When I was fourteen years old I saw the movie Fight Club and was gobsmacked by the coolness of Brad Pitt trying to sell soap to rich women. In one scene, he leans over a glass counter in a non-descript mall and his 90s shirt rides up to expose his ripped physique. That frame is still crisp in my mind.
Upon my first viewing I did not understand that this was a gay movie and I also did not understand the ending. In the last scene, the main characters “blow up the credit card companies so that everyone can start over.” As you know, credit card companies are not a thing in Sweden.
Now, fifteen years later, I finally received my first credit rating.
I guess this is what the movie was all about. Not being happy with your score. Wanting to start over. From a user perspective this is all very mundane. It does not look like a sinister modern form of slavery. My phone app tells me that my score is lowered because my credit line is only $506 and it is raised because I only have one credit card. In China, we all rang the alarm when the government wondered out loud if it was a good idea to have a pan-societal dystopian “Citizen Score.” In America, they have credit rating agencies. Lose a point. Win a point.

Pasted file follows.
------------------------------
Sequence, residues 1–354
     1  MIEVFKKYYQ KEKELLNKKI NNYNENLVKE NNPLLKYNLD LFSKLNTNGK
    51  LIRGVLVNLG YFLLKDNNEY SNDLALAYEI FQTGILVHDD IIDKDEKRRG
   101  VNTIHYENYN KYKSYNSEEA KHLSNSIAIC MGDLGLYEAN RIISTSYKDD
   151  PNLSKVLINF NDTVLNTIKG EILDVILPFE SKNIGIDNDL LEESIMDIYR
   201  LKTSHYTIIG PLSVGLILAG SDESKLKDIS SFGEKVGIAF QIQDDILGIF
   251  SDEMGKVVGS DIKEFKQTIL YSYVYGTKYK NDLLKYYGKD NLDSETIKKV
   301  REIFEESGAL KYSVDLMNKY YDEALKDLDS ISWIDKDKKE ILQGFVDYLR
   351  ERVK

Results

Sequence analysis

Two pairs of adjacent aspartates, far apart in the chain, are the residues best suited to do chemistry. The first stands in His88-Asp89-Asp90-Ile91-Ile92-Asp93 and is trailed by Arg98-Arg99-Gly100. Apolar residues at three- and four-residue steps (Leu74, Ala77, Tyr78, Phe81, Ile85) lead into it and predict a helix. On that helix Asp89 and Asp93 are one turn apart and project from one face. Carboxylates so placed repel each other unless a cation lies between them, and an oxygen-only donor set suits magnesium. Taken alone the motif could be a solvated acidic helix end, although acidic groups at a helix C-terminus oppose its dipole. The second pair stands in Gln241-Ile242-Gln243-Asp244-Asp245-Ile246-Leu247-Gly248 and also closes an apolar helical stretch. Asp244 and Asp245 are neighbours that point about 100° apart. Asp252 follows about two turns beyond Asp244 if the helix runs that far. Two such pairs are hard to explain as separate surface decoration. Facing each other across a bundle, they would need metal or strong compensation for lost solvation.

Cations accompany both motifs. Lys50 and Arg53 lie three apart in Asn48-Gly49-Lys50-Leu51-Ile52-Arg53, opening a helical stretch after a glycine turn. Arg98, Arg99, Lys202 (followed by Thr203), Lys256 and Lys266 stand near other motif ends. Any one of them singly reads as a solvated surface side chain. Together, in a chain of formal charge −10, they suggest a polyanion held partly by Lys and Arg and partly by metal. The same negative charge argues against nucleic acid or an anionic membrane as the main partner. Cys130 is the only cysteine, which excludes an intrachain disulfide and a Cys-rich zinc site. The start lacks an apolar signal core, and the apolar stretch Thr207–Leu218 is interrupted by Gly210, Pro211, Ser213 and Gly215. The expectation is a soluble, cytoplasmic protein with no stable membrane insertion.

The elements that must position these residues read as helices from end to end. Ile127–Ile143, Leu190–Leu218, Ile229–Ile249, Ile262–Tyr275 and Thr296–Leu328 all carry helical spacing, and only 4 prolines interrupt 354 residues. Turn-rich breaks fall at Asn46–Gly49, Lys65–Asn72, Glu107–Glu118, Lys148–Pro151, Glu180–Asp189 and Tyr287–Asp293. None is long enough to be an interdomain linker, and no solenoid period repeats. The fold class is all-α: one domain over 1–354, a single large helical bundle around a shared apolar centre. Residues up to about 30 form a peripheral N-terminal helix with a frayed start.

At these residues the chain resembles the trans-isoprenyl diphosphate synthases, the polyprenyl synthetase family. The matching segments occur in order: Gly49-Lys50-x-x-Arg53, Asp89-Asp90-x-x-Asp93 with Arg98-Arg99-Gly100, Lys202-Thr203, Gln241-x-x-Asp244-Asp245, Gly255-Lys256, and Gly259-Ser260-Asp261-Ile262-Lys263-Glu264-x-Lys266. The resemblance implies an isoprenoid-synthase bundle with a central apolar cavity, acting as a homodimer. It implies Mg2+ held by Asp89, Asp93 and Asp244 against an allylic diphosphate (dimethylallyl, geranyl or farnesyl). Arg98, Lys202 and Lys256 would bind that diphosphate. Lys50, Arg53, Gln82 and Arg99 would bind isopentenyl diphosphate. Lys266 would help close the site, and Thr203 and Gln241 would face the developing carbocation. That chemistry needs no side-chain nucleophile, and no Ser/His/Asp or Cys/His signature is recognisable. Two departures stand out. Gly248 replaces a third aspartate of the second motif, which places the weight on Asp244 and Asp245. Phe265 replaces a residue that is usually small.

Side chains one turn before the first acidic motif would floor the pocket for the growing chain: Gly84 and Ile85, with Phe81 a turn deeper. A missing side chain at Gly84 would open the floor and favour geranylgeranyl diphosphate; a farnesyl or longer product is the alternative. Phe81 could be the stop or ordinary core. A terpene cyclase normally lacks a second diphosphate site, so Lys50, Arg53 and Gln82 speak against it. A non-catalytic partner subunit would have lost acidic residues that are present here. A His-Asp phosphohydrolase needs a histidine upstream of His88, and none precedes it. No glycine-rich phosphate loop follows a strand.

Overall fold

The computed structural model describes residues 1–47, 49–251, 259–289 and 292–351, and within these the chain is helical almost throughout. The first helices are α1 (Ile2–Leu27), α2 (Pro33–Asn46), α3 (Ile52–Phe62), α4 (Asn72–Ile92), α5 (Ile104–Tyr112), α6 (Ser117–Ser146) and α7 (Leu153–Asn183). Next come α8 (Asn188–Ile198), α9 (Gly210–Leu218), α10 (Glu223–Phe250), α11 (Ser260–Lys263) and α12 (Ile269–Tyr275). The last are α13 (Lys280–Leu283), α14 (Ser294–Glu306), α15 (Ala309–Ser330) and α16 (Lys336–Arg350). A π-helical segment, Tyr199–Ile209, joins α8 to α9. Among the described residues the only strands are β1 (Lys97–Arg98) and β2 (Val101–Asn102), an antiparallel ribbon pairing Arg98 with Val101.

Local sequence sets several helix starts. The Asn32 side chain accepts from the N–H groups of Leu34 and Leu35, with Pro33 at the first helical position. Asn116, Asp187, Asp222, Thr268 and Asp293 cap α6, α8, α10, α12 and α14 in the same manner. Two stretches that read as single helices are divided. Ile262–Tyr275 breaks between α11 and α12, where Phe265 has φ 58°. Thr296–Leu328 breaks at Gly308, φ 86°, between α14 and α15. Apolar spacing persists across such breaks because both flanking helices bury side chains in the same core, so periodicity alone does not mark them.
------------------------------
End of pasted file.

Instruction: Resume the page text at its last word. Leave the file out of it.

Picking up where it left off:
I set my watch two hours earlier or three hours later, Pacific, Mountain, Central, or Eastern time; lose an hour, gain an hour.
Here in America, credit card companies are a thing. They fill my mailbox with envelopes stating that I have been “pre-approved”. All Americans receive this mail every day and no one talks about it. Below, you will find Exhibit A. My name, misspelled and miscapitalized, has been drawn from a poorly updated excel spreadsheet in a non-descript 90s desert somewhere. All Americans think this is normal.
Inside, I find a fake credit card made of thin paper glued onto a backer in the same way that a real credit card would be. This is designed to give me the tactile experience of believing that maybe, just maybe, I can have access to a form of consumption that will enslave me, destroy my life, and threaten my democracy. Maybe I, too, can be worthy of the name Lee M Cardholder.
My wife makes fun of me for opening these envelopes. I am not supposed to. She says I am like an old person on the Internet: clicking banners and trying to claim my prize for being the 1,000,000th visitor.
The first season of Mr. Robot revisits Fight Club’s debt erasing plot line.
In the show, credit card databases are stored by Evil Corp and the nutty main character ventures to blow up their servers so that people don’t have to pay the money back. We all start over. The ambitious villain (Senior Vice President of Evil Corp) is a Swedish guy. Because full circle.
The show’s most noteworthy plot hole is that Chinese hackers join the fight against the greedy global control of the credit card companies. In reality, credit card companies are not a thing in China. Chinese hackers would not care about (or even be vaguely familiar with) the predatory lending practices of Discover it® Cash Back. We project our own world onto the world around us.